ESR on Tuesday announced plans for a China REIT seeded with three of the group’s logistics projects west of Shanghai, as the industrial specialist looks to securitise mainland assets after authorities cleared the way for onshore listed trusts last year.
The Hong Kong-based developer is considering listing the trio of projects in the city of Kunshan in eastern Jiangsu province through a publicly offered infrastructure securities investment fund on the Shanghai Stock Exchange, ESR said in a filing with the Hong Kong stock exchange.
ESR has made an application for the spin-off to the HKEX and intends to apply for approvals from the National Development and Reform Commission and the China Securities Regulatory Commission, the two agencies that launched the REIT pilot programme in early 2021.
“As at the date of this announcement, the terms and the timetable of the proposed transaction have not yet been finalised and may change depending on the approval status of the relevant regulatory authorities and market conditions,” ESR co-founder and co-CEO Jeffrey Shen said in the filing.
The proposed REIT’s three seed assets span more than 427,000 square metres (4.6 million square feet) of gross floor area in Kunshan’s Huaqiao town, roughly midway between Shanghai and Suzhou, as part of ESR’s Kunshan Huaqiao Park complex.
ESR completed the wholly owned projects — known as Jiangsu Friend I, II and III — in 2011, 2013 and 2018 respectively. The 135,081 square metre Jiangsu Friend I is on a leasehold expiring in 2054, while the 85,674 square metre Jiangsu Friend II and the 206,418 square metre Jiangsu Friend III are on leases running until 2056.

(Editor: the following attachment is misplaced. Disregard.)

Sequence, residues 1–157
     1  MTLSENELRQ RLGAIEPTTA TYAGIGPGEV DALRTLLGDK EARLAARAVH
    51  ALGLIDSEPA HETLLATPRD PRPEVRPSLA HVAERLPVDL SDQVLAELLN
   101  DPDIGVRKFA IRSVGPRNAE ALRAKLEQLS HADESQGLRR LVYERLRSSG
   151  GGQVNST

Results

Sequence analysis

Chang Rui Hua, ESR’s managing director of capital markets and investor relations, told Mingtiandi on Wednesday that the group is working with AVIC Trust as the REIT manager partner on the new vehicle.
“Our strategy is to create both the private and public platforms for our assets when they mature, and China will be the second platform where we provide both options to our investors,” Chang said. “By listing a REIT, we can consider which platform to sell our assets into, depending on the valuation we get. In addition, we plan to list in Shanghai as it is tax-effective to list our local assets in the local stock exchange.”
A C-REIT provides a fresh exit strategy for private funds managed by Hong Kong-listed ESR, which bills itself as the largest sponsor and manager of real estate investment trusts in Asia Pacific. The group and its associates oversaw 14 REITs totalling $45 billion in assets under management as of the end of 2021.
ESR-Logos REIT, one of the 10 largest REITs on the SGX, holds 83 properties across Singapore and Australia valued at S$5.5 billion ($4 billion), while ESR Kendall Square REIT, South Korea’s first publicly listed logistics trust, comprises 18 assets valued at KRW 2.4 trillion ($1.9 billion).
Competitors Jump In
The race is slowly heating up in China’s nascent REIT sector, which so far has excluded bubble-prone commercial properties in favour of infrastructure and industrial assets.
In June 2021, ESR arch-rival GLP became the first international company to list a REIT in China when it teamed up with state-backed investment bank CICC to launch GLP C-REIT. The logistics giant raised RMB 5.85 billion through the listing of GLP C-REIT, which owns a portfolio of seven logistics assets with over 700,000 square metres of gross floor area.
In September of this year, mainland authorities gave the nod to D&J New Economy Industrial Park REIT, a RMB 1.38 billion ($200 million) trust sponsored by Warburg Pincus-backed DNE Group with four industrial parks spanning 284,000 square metres. DNE chairman Sun Dongping co-founded ESR predecessor e-Shang with Jeffrey Shen.
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